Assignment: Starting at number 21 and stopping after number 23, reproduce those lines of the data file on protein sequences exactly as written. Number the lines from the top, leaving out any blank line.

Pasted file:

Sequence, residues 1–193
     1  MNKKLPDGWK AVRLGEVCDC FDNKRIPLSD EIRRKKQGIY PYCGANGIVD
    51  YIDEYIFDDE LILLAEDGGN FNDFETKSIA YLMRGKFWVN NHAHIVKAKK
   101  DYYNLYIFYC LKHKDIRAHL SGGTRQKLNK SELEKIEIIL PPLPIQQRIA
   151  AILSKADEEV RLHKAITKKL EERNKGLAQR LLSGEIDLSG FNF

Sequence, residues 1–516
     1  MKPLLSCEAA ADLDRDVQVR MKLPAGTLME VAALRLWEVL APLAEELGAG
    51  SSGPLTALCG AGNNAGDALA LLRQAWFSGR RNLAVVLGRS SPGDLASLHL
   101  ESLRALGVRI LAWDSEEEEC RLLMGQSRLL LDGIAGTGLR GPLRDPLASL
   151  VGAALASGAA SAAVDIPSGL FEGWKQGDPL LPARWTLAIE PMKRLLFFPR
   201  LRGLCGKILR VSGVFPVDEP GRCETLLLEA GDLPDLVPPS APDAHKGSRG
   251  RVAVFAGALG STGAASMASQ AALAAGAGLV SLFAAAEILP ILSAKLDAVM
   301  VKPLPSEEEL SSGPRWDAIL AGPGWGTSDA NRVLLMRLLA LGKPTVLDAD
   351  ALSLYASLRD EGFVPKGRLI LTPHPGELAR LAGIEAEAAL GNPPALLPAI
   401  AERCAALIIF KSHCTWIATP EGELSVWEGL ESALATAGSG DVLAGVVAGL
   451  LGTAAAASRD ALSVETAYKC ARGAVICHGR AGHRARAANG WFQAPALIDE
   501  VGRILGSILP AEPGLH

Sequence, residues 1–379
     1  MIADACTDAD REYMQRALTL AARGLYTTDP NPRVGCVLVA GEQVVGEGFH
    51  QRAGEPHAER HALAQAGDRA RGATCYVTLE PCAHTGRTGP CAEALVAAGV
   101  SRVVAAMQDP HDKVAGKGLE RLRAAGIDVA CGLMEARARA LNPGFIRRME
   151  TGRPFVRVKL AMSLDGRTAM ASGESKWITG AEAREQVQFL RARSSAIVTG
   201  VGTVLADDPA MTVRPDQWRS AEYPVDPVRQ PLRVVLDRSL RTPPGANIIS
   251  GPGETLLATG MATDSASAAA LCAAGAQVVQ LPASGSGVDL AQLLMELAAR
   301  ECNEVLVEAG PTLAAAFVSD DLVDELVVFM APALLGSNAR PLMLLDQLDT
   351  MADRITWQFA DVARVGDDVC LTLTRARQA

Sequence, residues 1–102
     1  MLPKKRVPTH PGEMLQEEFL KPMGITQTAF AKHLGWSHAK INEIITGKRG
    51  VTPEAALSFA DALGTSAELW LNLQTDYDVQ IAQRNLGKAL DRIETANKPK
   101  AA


   101  SRVVAAMQDP HDKVAGKGLE RLRAAGIDVA CGLMEARARA LNPGFIRRME
   151  TGRPFVRVKL AMSLDGRTAM ASGESKWITG AEAREQVQFL RARSSAIVTG
   201  VGTVLADDPA MTVRPDQWRS AEYPVDPVRQ PLRVVLDRSL RTPPGANIIS